Martin Bashir faces being prosecuted privately after Scotland Yard refused to investigate claims of criminality over his 1995 Diana interview.
The BBC religious affairs editor could be sent to prison under the 1968 Theft Act after he was accused of faking bank statements to trick the princess into taking part in the infamous Panorama broadcast.
A lawyer for her brother Earl Spencer's ex-head of security, Alan Waller, made an official complaint to Scotland Yard Commissioner Cressida Dick in January alleging potential fraud by Mr Bashir.
He accused the former Panorama journalist of 'dishonest conduct' and said the BBC had 'benefited' while aware his actions were 'unlawful'.
But yesterday, after spending three months assessing the claims, police announced no further action.
Now, Mr Waller's lawyer Anton van Dellen vowed they would prosecute the journalist privately, claiming Mr Bashir's dealings meant Mr Waller suffered 'significant reputational and financial loss'.
Martin Bashir faces being prosecuted privately after Scotland Yard refused to investigate claims of criminality over his 1995 Diana interview (pictured)
The BBC religious affairs editor (pictured) could be sent to prison under the 1968 Theft Act after he was accused of faking bank statements to trick the princess into taking part in the infamous Panorama broadcast
He told The Daily Telegraph: 'We intend to commence a private prosecution and letters of interview will be sent to Matt Wiessler and Martin Bashir.'
Mr Bashir has previously admitted ordering Mr Wiessler - a freelance graphic artist paid by the BBC - to mock up bank statements ahead of a meeting with Earl Spencer.
The statements purported to show that Mr Waller was in the pay of tabloid journalists and a shadowy company linked to the security services.
Earl Spencer has said the documents were key in persuading him to provide an introduction between Mr Bashir and his sister, leading to the exclusive interview which caused shock waves around the world when Diana spoke about her husband's infidelity.
Mr Bashir and Mr Wiessler have 14 days to respond once the letters gets sent to them.
A lawyer for her brother Earl Spencer's ex-head of security, Alan Waller (pictured), made an official complaint to Scotland Yard Commissioner Cressida Dick in January alleging potential fraud by Mr Bashir
Scotland Yard faced fury yesterday after refusing to investigate claims of criminality over Martin Bashir's Diana interview (pictured) in 1995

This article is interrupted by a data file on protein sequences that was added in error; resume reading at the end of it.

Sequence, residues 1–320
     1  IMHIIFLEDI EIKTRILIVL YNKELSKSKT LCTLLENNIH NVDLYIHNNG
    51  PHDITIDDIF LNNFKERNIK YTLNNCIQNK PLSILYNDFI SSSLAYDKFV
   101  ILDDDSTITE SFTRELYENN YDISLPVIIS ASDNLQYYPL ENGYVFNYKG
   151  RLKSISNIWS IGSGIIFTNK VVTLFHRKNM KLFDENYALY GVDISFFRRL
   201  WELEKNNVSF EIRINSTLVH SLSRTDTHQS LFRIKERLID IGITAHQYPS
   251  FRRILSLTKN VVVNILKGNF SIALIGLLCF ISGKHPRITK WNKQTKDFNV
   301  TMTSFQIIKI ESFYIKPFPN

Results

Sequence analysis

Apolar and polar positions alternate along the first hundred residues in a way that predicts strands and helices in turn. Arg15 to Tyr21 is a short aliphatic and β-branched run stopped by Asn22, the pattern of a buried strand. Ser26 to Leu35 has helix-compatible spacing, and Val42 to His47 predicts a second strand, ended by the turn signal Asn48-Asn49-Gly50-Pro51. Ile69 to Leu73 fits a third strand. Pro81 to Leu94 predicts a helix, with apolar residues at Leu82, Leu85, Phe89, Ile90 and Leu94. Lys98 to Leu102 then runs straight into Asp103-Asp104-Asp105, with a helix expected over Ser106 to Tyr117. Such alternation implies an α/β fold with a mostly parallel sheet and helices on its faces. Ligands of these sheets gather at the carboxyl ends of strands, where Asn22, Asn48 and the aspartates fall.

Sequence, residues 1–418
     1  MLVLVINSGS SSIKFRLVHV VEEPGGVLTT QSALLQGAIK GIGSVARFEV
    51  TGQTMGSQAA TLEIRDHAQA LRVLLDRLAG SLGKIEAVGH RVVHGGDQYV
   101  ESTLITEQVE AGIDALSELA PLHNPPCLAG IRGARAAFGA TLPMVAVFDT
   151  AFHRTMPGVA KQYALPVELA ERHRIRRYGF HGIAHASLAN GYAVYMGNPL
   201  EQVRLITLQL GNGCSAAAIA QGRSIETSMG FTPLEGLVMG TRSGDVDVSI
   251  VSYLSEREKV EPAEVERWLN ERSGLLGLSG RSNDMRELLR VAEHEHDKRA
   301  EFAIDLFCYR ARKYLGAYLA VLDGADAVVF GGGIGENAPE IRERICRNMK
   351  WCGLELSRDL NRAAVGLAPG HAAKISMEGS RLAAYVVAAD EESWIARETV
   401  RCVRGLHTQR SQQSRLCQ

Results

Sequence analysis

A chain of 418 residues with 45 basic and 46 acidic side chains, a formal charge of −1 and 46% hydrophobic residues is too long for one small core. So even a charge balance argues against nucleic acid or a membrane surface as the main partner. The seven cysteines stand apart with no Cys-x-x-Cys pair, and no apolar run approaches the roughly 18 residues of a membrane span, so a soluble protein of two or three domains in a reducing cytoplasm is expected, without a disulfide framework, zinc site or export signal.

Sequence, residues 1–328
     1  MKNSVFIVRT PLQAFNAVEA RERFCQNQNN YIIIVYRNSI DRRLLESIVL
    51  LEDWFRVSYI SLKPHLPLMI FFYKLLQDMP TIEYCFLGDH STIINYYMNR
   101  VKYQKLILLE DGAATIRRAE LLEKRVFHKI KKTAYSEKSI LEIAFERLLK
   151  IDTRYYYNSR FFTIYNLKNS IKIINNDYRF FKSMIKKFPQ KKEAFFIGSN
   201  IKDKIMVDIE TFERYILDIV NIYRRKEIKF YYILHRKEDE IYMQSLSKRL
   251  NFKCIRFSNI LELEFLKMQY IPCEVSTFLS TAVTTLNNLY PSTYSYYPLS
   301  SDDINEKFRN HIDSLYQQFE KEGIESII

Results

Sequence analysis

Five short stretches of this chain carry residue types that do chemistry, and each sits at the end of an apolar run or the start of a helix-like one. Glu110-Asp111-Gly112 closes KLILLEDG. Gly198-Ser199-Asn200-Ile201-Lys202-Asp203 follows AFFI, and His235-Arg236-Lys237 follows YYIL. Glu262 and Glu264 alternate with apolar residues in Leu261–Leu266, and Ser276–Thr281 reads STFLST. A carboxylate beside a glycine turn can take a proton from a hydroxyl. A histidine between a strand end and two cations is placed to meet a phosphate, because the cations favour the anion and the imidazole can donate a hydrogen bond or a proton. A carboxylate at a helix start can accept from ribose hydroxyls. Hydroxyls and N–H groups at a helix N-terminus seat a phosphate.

Met Police's decision not to launch a criminal investigation was today described as a 'farce' by a former head of royal protection, who said many unanswered questions remain.
It can now be revealed the same senior officer involved in the decision announced yesterday also ruled out another controversial investigation relating to a royal.
Commander Alex Murray came under fire in 2019 for not pursuing Virginia Roberts' claims she was trafficked to Britain by Jeffrey Epstein to have sex with Prince Andrew. The prince has denied Miss Roberts' claims.
Yesterday the commander said legal advice was sought from the Crown Prosecution Service and independent lawyers before it was decided not to launch an official probe.
Mr Bashir (pictured) allegedly faked bank statements to trick the princess into taking part in the infamous 1995 Panorama broadcast
The decision was described as a 'farce' by a former head of royal protection, who said many unanswered questions remain
In the letter of complaint sent to Scotland Yard last month, Mr Waller's barrister, Mr van Dellen, said: 'I write in relation to the actions of two BBC employees or agents for whom the BBC were vicariously liable, with very serious concerns that they have committed a criminal act, namely conspiracy to create an instrument of fraud.'
Yesterday ex-royal protection head Dai Davies said: 'I'm absolutely flabbergasted there was not enough basic evidence of forgery and fraud here. It beggars belief.'
The BBC has appointed retired judge Lord Dyson to lead an inquiry to discover what steps the BBC and Mr Bashir took to land the interview.
Last night it was unclear what impact the Met's decision will have on his probe and whether he has separately considered any evidence of criminality.
Yesterday Commander Murray said that following a detailed assessment 'we have determined it is not appropriate to begin a criminal investigation'.
Mr Bashir is off sick having had heart bypass surgery following a coronavirus diagnosis. His agent did not reply to a request for comment.